Another improvement coming, one which is long overdue, is fault tolerance when saving an image. Currently, Paint.NET always overwrites the file you are saving and this can have disastrous consequences if an error is encountered in this process. The end result is a 0-byte file even for users who’ve been diligent about saving regularly. The solution is simple, involving first saving to a temporary file and then deleting the old one only when the operation has succeeded. You might ask why this wasn’t implemented a long time ago, and I’ll defer to Raymond Chen’s discussion of the Windows taskbar for an explanation.
The installer now has a hard block on having a minimum amount of memory (RAM). I’m occasionally humored with a crash log from a poor Windows XP user trying to run Paint.NET with 96MB of RAM (which is usually 128MB with a sizable chunk carved out for slow integrated graphics). Sorry, but it just isn’t going to be reliable with so little memory available!
I’ll skip the boring pie charts this month. Here’s the usual tabular data though:
|March 2010||May 2010|
|Total update manifest hits||4,528,824||4,243,221|
|Hits per day||146,091||136,878|
|Windows Vista / 2008||23.72%||22.64%|
|Windows 7 / 2008 R2||20.29%||25.95%|
|All other languages||0.81%||0.86%|
|Don’t have translations||20.55%||18.62%|
Bold indicates that Paint.NET ships with the translation. Korean had a translation in v3.36, but not in v3.5+. For Russian, the reverse is true.
8 thoughts on “May 2010 usage statistics – Windows 7 reaches 26%, overtakes Vista”
Are you ever planning to share some info on how you implemented the SegmentedList class? It sounds interesting and something that would be useful to me.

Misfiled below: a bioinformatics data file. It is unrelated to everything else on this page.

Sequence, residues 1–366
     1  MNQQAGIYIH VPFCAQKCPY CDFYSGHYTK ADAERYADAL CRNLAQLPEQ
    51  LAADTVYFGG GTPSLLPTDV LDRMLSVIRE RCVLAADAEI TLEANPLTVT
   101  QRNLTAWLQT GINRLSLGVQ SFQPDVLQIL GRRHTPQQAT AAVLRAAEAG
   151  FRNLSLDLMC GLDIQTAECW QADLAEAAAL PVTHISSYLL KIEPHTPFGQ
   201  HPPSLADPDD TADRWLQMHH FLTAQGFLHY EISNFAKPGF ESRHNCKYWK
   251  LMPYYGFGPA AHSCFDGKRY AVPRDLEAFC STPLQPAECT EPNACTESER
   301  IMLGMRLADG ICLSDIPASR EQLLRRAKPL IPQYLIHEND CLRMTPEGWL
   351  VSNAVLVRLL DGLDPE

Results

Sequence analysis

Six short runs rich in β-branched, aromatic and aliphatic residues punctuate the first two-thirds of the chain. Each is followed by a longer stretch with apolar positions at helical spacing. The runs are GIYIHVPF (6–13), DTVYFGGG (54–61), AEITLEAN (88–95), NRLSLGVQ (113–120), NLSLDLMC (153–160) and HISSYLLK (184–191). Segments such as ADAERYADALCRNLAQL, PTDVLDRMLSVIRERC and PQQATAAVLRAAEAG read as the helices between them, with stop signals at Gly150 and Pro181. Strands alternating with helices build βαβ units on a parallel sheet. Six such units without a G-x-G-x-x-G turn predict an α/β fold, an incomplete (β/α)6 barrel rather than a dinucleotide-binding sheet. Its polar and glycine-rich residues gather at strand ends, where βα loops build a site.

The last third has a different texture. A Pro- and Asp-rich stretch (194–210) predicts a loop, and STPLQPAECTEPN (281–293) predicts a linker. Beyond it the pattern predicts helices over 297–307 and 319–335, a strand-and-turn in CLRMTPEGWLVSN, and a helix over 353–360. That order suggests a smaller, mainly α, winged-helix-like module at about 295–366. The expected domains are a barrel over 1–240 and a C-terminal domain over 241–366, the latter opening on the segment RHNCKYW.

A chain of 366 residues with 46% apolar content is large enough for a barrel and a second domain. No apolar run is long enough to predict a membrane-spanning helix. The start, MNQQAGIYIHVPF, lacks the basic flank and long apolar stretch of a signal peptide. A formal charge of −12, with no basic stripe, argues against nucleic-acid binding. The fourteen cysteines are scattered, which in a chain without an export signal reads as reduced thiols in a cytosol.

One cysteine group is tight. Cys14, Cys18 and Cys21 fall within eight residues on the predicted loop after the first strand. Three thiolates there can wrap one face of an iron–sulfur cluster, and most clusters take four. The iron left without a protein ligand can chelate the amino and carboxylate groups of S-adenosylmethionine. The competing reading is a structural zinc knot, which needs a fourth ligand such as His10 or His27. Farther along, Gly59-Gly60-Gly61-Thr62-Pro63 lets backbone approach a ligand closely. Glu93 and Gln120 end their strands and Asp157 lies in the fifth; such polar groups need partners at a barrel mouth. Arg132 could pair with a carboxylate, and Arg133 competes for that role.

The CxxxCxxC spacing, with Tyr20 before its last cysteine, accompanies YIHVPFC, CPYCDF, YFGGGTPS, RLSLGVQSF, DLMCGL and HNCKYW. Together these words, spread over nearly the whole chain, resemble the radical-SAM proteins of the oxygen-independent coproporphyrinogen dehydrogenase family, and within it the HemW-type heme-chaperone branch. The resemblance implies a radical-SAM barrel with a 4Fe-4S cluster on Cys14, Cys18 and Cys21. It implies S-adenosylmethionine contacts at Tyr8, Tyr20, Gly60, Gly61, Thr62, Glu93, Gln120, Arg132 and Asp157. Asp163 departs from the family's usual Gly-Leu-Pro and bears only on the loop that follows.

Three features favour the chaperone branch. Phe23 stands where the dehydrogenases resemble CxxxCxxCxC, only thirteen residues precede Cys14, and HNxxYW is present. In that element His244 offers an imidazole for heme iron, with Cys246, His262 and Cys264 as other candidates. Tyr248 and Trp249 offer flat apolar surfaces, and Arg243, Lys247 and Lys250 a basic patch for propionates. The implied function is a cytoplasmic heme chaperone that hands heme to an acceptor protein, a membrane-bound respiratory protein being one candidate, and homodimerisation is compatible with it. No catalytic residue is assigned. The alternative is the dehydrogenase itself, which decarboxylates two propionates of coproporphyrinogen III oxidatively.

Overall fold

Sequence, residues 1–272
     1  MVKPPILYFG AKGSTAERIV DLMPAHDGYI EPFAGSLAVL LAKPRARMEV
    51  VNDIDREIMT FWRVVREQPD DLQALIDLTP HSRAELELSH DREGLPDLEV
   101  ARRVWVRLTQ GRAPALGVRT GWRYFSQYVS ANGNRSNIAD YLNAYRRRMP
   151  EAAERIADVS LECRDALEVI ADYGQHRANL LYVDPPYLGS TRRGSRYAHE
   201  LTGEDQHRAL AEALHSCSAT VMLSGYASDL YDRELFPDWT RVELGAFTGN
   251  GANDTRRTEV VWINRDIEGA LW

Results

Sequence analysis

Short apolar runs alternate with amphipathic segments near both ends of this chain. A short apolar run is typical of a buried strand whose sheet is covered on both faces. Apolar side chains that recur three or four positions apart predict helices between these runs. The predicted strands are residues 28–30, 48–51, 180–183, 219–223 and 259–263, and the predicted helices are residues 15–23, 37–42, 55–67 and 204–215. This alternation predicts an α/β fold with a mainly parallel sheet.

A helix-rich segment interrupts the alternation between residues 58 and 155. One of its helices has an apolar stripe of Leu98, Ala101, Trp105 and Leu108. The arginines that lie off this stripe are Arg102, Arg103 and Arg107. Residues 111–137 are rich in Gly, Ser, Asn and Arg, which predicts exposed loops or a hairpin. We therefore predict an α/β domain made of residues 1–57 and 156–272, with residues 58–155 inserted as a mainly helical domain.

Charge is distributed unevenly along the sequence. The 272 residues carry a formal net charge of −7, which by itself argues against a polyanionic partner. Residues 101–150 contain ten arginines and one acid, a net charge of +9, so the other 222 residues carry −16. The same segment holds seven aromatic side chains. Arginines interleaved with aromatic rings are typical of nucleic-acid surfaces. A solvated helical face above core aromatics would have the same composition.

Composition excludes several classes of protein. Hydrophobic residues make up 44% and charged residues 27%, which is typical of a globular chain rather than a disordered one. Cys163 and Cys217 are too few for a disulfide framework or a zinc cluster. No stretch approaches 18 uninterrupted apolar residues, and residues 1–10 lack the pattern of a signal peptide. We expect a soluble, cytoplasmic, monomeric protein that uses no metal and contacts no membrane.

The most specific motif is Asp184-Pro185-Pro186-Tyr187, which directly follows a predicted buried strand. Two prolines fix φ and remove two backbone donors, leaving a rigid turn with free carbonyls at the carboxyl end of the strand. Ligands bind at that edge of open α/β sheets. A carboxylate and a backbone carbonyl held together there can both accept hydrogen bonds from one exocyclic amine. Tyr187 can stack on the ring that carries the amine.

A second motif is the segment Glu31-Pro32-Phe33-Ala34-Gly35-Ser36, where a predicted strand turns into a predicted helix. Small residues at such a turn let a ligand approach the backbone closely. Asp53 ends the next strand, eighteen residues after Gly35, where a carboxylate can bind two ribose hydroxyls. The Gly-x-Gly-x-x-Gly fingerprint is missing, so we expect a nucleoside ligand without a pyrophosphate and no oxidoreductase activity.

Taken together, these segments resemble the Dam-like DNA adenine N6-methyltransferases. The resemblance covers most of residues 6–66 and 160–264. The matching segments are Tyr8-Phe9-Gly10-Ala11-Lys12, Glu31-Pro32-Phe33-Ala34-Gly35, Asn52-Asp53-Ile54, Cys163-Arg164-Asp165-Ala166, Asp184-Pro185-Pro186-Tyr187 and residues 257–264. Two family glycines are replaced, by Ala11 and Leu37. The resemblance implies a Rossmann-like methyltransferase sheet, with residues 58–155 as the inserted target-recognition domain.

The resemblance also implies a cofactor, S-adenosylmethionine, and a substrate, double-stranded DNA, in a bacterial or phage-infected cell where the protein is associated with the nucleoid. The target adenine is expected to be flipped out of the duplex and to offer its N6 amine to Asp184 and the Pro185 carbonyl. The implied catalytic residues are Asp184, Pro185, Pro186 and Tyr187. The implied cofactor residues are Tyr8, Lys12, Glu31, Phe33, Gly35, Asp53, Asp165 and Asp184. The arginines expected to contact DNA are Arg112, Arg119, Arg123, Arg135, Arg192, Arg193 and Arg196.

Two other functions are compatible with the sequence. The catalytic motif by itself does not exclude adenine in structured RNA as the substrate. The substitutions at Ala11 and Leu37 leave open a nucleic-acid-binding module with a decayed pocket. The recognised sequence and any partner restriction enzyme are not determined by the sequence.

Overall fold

I assume that you internally you’ll be splitting the list up into chunks, how do you choose the chunk size to make it efficient by still fit in the available memory?
Matt, it’s pretty simple stuff.
@Matt: I would assume a SegmentedList is really just a List<List> (or maybe List?) with an implementation of IList to make it “look like” one big contiguous list.
Seems like a good idea for when you’re dealing lots of large lists of things.
It’s a custom implementation of IList. It doesn’t derive from List.
But yeah, Dean, you got the gist.
Imaging the implementation of GeometryList.GetInteriorScans(), which current returns an array of rectangles that constitute the interior of a polygon. This is pretty useful for things like filling a selection, or clipping an effect to the selected area. Anyway, for a very complicated polygon this array can grow and grow and grow (magic wand anyone?) … by switching to returning an IList implemented by SegmentedList, this array can be allocated without the need for contiguous blocks. Nor is the CPU overhead of growing the array (re-alloc + copy + free old array) needed.
To save on the CPU costs, the segment size is constrained to be a power of 2. That way the segment index can be calculated using a quick shift-right, and the secondary index can be calculated using a mask (bit-wise AND operation).
Thanks for the info it makes sense now.
I actually miss-understood how it was being used, I thought you were storing 1 image in a segmented list/array as a way of storing large images in memory when there isn’t enough contiguous memory to allocate it all in one go. But not I’ve re-read your post and I understand.
Matt, I’m starting with the data structures used for geometry. I do intend to store bitmap surfaces using a tile scheme, but I’m not to that point yet. That will require much more time to complete since it impacts all areas of the application in significant ways. With a 1-dimensional array it is much easier, as only code that needs to use pointers is strongly affected by the change in access semantics.
Yeah you’re, I guess there’s big performance issues with storing an image in a non-contiguous array, especially for processing.
In the future ‘d be interested to see your approach (if you’re happy to share it), as I have some upcoming projects at work where this could be an issue.